Prepare for (potential) greatness, Notre Dame
Emily DeFazio | Tuesday, November 16, 2021
Did anyone else see Logan Diggs absolutely vault over that UVA defender?
The play immediately brought me back to the infamous Najee Harris hurdle over former Irish defender Nick McCloud in the 2021 Rose Bowl; only this time, it was one of Notre Dame’s guys that did the leaping. What a nice change of pace that was.
Having any Irish player comparable to the No. 24 pick of the NFL draft means good things for Notre Dame, but even more so when they are a freshman. Upon reflection, the match against UVA can be viewed as a glimpse into what could be for the team over the next few years with this group of young players making their way up the depth charts. Though not limited to these names, Tyler Buchner, Logan Diggs, Lorenzo Styles and Xavier Watts are four freshmen (at least in terms of eligibility) that have already made their mark on the program.
With standouts on both sides of the ball, fans can — tentatively — begin to get excited about the future of Notre Dame football.
The quarterback from San Diego came to South Bend highly anticipated by the student body. Many likened Buchner to the “Chosen One,” the one who would usher in a new era after Ian Book’s departure. With a similar emphasis on the run game between the two players, Buchner seemed like the perfect means of transition between the three years under the then-graduate student and the next offense. With a little time, Buchner could possibly fulfill these prophecies.
Buchner has seen the field a considerable amount, given graduate student Jack Coan’s position at the helm. He stands as the second-leading rusher for the team at 213 yards, trailing only captain Kyren Williams. Maybe it’s the number 12 on his jersey, but Buchner is certainly shaping up to be a similar player to his predecessor.
However, his minutes have been sporadic, making it hard for the freshman to get fully integrated into the Irish offense. He may be a good runner, but he needs to be a good play facilitator in more ways than rushing the ball. At UVA, he began to integrate both skills; he demonstrated his impressive arm with a launched pass that just overshot its receiver. Despite the missed catch, Buchner demonstrated that he will be a strong QB1 for the Irish at some point in his career.
Clocking in at the third leading rusher at Notre Dame, Diggs had himself an early career day at Charlottesville. Though his hurdle may have stolen the show, his “regular” contributions are the true indicator of his talent.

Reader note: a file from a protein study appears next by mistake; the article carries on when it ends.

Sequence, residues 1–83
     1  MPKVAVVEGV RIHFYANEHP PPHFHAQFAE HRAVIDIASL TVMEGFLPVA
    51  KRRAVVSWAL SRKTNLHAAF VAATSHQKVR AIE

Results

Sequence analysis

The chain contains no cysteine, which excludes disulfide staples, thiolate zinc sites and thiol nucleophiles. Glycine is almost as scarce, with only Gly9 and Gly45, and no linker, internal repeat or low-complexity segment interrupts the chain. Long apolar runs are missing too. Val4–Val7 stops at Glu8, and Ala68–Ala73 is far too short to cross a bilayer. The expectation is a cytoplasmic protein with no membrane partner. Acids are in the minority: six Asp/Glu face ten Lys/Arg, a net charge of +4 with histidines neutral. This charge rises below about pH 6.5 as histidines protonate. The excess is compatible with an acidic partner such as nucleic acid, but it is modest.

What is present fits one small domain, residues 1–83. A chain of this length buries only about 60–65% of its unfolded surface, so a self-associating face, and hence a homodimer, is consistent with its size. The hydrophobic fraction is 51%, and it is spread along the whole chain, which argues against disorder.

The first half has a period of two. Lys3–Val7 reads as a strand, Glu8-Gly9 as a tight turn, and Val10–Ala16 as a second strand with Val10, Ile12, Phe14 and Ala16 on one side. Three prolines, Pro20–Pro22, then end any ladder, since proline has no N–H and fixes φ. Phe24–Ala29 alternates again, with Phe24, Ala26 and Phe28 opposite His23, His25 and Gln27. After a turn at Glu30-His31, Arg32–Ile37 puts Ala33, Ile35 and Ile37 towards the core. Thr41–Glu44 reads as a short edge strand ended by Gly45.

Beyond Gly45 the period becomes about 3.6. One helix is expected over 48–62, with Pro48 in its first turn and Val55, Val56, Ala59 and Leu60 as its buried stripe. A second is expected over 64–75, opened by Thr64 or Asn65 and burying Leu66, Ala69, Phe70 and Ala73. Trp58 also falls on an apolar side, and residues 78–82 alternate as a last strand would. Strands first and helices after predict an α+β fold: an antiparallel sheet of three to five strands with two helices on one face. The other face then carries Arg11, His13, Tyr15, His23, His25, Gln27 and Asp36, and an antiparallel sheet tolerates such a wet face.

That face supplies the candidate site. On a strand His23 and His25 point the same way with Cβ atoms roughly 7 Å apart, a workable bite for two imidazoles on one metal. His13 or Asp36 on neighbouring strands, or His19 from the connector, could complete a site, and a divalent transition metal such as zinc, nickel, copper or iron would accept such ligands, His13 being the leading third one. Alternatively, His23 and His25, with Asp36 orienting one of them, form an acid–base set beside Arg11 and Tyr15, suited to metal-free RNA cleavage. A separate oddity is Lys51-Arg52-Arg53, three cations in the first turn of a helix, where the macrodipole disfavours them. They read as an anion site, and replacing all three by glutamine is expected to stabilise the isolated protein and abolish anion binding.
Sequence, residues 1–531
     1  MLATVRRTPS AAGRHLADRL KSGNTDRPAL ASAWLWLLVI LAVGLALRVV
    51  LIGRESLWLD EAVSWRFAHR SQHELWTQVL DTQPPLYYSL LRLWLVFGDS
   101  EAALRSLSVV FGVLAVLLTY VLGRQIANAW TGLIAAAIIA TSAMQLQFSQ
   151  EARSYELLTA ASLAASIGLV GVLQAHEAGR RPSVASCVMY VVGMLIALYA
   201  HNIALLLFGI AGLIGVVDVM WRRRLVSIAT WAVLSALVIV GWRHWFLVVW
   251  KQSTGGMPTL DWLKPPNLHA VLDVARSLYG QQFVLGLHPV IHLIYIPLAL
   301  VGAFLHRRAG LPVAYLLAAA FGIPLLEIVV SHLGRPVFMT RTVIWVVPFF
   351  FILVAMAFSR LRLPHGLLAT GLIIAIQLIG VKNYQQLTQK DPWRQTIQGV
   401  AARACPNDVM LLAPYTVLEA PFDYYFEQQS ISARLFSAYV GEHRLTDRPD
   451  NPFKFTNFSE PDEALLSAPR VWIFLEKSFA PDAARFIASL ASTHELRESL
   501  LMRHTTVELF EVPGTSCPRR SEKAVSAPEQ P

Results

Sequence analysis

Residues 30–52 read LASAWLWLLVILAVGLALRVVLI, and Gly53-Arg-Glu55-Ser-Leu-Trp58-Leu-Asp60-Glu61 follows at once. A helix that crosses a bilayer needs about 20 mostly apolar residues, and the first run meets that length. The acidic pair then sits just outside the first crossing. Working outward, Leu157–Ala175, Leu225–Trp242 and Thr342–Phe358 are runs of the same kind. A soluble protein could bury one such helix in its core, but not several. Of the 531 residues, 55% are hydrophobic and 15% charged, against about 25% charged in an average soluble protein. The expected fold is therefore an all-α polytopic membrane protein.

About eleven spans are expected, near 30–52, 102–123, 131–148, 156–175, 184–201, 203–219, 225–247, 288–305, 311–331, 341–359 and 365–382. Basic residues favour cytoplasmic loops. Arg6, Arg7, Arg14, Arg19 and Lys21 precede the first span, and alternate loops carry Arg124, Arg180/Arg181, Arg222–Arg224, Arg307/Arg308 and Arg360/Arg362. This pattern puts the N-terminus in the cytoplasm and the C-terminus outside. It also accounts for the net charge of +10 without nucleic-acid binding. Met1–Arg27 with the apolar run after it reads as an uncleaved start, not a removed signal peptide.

He is a constant presence in the game when he plays, proving himself to be a reliable option for his quarterback. There are even times on the field where one can mistake Diggs for Williams or sophomore running back Chris Tyree. The freshman is able to take the inch and go the mile like his upperclassmen counterparts, cutting through the slightest hole in the opposing defense. In doing so at UVA, he marked a career-high 64 yards. His knack for taking advantage of every opportunity will make him invaluable for the Irish going forward.
Diggs will simply have to continue acclimating to the college football atmosphere. Now that Tyree is back in action, Diggs’ playing time may be decreased slightly. He must watch that his muscle memory from the minutes he did spend on the field does not falter; despite older, talented backs ahead of him, he needs to keep the fervor that he would have if he were starting while he waits for that moment to come.
Styles’ “next play mindset” has made him a force to be reckoned with. With Avery Davis out for the season with a torn ACL, the freshman’s role becomes all the more integral to the Irish offense. He has posted 164 receiving yards on the season so far, clocking in behind senior Braden Lenzy in the rankings. At UVA, Styles ran for a 37-yard gain, putting the Irish in position to score a touchdown two plays later. He is valuable in both aspects of offensive play, and this versatility is key going forward.
One thing to watch with Styles is consistency. He has made the occasional big drop in pivotal games, like the one against UNC, and these slip-ups can cost Notre Dame the game. However, with enough practice and on-field experience, Lenzy will continue to make his presence felt in the program.
Xavier Watts may not be a true freshman, but that does not diminish his potential for the next few years. The linebacker from Omaha did not originally start on defense; having switched from wide receiver two weeks ago, Watts has gained experience on both sides of the ball, a knowledge that will serve him well no matter where he definitively winds up. He posted a strong performance in Charlottesville with five tackles to his name, making important stops in the Cavaliers’ drive.
For Watts, it will be landing on his feet in a position and planting roots. While playing both sides of the ball gave him good experience, channeling his energy into perfecting one position will allow his athleticism and knowledge to best serve the Irish
With so many freshmen seeing the field in their first year, gaining that invaluable experience that will translate into their later seasons, Notre Dame is laying the groundwork for a formidable group that has the capacity to get that higher CFP berth Brian Kelly has been craving. If turning over the roster has any advantage, it is in preparing the future generations of Irish football. However, all that depends on how these individual talents are organized. As we have seen this season, talented members mean little when the entire system of players is out of sync. As Kelly said in his postgame presser, the young players are maturing; it is what is done with that maturity that will be the difference between CFP and ‘C’-ya-later.